Di Zinno told Dateline that investigators looked extensively at the clothing the woman was wearing, as well. “She was identified only as having clothing from Europe. She had an Italian blouse on. She had a jacket that was from Germany, and she had a beautiful skirt,” he said. “They were expensive clothes that seemed to be handmade, but the material was really a fine wool.” They also determined that her IUD was made in the Netherlands and only available in Europe and in parts of Canada.
In her jacket, authorities found something else.
“In her pocket was this note from the Blue Boy Motel in Vancouver, which has been the subject of thousands of theories of what was on there,” Di Zinno said, referring to three sets of abbreviations next to three sets of 5-digit numbers.
“The thing that seems to make the most sense are -- a Buffalo police forensic individual feels that there were phone numbers or telex numbers to three airlines.”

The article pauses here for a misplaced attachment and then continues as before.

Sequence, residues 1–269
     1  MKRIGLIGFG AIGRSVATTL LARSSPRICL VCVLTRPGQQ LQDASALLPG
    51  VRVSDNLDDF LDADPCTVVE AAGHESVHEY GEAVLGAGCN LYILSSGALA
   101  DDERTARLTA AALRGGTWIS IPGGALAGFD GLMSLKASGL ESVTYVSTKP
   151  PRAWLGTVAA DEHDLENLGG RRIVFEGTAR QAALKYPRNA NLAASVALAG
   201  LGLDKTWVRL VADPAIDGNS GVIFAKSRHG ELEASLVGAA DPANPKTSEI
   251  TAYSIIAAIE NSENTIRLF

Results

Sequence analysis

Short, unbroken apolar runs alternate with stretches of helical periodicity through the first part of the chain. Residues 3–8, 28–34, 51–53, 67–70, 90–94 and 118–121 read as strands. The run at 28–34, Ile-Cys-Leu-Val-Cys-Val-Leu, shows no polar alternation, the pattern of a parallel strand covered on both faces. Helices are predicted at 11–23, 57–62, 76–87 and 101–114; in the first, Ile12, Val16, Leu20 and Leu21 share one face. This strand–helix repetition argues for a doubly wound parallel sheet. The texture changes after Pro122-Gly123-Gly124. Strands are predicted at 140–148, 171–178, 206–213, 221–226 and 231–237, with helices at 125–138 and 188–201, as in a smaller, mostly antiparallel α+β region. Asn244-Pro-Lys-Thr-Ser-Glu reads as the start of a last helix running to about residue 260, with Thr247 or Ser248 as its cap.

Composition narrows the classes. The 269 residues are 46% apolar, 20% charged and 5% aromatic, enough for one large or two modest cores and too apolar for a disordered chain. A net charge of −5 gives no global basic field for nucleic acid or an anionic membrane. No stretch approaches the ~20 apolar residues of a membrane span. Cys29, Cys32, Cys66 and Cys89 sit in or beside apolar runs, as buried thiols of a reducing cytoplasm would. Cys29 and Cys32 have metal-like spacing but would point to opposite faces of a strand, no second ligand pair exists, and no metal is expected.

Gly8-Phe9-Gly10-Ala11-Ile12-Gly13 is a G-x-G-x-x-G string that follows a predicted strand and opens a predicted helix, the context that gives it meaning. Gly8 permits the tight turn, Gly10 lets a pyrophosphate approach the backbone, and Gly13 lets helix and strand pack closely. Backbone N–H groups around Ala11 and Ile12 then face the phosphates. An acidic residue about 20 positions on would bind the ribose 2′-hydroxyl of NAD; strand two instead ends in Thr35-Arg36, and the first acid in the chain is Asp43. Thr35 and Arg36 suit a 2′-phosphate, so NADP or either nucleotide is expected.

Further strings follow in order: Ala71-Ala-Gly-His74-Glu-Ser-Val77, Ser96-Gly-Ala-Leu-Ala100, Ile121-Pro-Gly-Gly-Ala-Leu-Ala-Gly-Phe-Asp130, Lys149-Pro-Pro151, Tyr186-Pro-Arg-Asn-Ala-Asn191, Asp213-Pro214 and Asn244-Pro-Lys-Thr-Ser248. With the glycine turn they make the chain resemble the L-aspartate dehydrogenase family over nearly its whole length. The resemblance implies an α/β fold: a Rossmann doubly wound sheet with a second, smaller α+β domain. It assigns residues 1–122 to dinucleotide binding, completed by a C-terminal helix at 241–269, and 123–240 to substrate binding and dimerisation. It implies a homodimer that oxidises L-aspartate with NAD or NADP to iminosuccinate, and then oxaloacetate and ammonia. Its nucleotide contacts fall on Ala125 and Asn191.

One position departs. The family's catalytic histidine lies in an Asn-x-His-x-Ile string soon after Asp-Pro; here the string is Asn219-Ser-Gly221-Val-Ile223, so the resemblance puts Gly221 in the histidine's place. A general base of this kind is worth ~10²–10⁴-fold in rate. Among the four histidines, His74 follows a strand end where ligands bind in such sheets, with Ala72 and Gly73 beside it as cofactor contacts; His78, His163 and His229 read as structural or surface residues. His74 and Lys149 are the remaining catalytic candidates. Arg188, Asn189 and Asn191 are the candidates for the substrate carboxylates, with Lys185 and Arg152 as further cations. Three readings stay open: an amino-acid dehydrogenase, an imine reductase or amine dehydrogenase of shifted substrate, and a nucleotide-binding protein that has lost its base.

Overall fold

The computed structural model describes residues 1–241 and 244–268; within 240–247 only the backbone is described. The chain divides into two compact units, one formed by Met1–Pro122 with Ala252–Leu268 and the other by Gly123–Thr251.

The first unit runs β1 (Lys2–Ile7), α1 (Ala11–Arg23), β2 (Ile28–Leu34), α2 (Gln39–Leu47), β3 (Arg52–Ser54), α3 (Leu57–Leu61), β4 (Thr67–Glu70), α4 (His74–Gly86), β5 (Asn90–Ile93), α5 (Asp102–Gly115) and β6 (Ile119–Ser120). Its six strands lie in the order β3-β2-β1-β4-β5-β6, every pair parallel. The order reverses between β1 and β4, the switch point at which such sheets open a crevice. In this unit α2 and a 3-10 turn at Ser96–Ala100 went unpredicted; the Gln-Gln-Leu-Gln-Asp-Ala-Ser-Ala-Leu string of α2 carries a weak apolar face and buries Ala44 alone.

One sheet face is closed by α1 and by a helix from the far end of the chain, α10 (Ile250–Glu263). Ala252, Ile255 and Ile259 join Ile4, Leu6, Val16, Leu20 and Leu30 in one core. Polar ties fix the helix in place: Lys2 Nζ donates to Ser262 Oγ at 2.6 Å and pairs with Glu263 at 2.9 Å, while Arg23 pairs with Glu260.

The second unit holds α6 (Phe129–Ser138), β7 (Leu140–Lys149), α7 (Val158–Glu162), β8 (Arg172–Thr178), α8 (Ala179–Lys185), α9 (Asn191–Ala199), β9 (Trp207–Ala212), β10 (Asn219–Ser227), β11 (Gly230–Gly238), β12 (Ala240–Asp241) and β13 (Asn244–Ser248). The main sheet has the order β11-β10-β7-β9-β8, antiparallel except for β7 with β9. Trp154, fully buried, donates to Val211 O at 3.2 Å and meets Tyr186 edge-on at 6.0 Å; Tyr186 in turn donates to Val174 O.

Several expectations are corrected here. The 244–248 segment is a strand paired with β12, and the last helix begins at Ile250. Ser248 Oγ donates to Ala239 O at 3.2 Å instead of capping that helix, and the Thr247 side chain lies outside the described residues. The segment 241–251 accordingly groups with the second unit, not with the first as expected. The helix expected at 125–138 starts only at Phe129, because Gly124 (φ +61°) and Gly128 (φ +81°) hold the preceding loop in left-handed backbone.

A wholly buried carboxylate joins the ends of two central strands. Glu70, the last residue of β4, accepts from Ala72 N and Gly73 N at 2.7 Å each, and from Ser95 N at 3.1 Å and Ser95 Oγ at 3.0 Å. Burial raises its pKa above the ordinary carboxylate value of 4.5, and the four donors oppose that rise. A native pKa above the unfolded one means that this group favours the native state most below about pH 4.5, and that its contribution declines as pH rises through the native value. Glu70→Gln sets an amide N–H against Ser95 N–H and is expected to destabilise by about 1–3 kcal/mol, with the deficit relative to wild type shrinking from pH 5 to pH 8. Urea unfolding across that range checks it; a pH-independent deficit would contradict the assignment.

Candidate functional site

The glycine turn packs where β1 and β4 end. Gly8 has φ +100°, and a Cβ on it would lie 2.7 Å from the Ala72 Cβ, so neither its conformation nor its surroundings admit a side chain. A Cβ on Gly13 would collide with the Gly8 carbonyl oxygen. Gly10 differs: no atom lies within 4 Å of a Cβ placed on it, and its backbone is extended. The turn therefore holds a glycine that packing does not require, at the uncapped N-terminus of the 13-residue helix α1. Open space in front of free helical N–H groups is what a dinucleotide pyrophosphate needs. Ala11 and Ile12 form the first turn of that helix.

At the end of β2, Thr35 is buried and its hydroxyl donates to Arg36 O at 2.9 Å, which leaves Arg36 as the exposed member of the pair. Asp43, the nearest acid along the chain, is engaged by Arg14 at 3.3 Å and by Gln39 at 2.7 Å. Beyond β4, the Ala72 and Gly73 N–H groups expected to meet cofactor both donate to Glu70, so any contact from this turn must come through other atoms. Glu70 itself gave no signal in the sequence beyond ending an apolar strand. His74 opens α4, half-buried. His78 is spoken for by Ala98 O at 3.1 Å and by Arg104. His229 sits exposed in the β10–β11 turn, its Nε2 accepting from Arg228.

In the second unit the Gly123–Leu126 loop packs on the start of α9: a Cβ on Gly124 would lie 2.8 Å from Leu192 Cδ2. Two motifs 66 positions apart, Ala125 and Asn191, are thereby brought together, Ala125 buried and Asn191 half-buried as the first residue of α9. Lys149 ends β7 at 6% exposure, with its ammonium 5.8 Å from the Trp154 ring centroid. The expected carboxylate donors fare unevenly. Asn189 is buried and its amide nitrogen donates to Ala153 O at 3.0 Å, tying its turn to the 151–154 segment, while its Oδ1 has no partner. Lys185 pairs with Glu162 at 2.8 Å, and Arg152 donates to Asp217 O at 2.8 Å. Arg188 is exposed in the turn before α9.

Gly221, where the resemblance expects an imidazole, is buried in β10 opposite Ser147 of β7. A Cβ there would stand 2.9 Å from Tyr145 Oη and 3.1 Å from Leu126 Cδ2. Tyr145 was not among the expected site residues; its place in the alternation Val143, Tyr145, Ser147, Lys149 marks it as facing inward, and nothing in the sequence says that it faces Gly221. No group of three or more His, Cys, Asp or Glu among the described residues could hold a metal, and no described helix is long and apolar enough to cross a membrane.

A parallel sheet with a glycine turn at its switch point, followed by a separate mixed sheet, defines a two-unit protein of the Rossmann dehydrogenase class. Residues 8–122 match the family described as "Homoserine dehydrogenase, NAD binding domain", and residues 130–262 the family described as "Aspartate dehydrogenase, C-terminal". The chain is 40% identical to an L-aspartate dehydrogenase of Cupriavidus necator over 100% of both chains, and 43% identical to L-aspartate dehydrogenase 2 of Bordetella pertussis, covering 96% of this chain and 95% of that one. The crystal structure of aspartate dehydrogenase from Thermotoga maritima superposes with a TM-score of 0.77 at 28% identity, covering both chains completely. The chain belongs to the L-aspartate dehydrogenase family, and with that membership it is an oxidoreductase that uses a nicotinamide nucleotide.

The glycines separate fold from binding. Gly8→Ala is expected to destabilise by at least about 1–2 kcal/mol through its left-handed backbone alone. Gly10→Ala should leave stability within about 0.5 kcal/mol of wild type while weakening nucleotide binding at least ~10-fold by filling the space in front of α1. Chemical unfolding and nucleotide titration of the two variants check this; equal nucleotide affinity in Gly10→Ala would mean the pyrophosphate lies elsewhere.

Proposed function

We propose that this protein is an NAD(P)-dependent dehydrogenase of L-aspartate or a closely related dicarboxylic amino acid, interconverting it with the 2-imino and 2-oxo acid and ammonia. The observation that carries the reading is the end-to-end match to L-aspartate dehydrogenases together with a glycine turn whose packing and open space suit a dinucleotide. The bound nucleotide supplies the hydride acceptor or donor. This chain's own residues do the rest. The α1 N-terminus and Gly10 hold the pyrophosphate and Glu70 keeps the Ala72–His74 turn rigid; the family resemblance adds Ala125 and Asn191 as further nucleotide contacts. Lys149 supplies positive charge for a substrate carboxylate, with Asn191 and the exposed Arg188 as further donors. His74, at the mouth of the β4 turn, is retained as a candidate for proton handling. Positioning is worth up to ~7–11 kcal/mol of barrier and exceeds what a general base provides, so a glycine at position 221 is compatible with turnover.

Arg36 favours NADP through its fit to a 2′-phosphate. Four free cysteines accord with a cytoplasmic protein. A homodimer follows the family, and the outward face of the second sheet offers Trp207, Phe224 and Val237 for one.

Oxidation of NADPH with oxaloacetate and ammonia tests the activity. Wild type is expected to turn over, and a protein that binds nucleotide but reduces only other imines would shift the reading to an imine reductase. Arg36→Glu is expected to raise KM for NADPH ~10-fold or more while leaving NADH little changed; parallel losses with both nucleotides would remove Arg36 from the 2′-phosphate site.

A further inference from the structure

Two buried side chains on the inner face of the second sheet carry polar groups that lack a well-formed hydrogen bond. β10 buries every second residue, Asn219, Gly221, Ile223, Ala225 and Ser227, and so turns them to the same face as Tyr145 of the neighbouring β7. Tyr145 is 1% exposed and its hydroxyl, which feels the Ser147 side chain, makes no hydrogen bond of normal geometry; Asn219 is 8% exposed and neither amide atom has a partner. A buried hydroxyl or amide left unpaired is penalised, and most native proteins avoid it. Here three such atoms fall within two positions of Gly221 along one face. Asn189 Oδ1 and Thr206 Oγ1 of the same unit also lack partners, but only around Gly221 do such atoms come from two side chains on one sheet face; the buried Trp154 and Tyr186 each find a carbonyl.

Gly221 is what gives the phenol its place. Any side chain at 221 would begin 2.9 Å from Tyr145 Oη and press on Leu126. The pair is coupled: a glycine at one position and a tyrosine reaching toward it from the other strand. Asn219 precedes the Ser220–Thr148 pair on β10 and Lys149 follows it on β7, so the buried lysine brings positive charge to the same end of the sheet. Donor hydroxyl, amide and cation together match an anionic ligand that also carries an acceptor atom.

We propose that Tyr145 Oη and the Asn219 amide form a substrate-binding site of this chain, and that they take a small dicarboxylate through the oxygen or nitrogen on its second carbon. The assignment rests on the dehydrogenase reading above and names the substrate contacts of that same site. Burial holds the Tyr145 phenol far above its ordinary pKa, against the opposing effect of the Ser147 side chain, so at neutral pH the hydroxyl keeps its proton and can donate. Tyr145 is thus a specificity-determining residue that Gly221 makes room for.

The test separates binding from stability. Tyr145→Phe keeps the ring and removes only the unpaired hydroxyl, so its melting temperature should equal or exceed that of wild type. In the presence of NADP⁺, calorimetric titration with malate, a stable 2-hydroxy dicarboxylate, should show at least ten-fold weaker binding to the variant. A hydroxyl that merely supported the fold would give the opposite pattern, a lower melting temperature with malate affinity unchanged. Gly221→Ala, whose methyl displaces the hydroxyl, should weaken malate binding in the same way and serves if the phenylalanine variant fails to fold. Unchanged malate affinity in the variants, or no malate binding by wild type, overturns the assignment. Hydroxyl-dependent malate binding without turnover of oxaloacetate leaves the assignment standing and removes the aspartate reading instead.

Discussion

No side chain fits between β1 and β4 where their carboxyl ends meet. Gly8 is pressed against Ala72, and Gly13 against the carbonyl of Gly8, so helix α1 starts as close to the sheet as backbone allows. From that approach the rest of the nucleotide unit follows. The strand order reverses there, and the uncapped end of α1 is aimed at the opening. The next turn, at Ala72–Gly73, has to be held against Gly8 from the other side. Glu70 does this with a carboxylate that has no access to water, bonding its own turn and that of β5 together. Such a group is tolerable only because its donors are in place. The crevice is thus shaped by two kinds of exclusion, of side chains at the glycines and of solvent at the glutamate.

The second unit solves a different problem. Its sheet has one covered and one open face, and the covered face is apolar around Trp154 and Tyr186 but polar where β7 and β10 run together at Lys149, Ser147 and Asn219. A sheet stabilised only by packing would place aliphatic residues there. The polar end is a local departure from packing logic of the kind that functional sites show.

Because of the details uncovered when examining the Ellery Jane Doe, authorities believe she was not from the area.
“I believe she was a traveler, I really do,” Di Zinno said. “She was either looking for someone or traveling to get away.”
“All the detectives that have worked on the case over the years -- they did a lot of work with the Canadian authorities, with RCMP trying to track anything in Canada. They’ve done a lot of work in Europe with Interpol,” Di Zinno said.
And even though they were able to extract DNA to do forensic genealogy, authorities have had little luck there. “The best that the FBI has been able to generate is, like, a 6th cousin -- which is very far away from doing the work necessary to build a tree to identify her,” Di Zinno said. “So we’ve had a lot of difficulty identifying her.”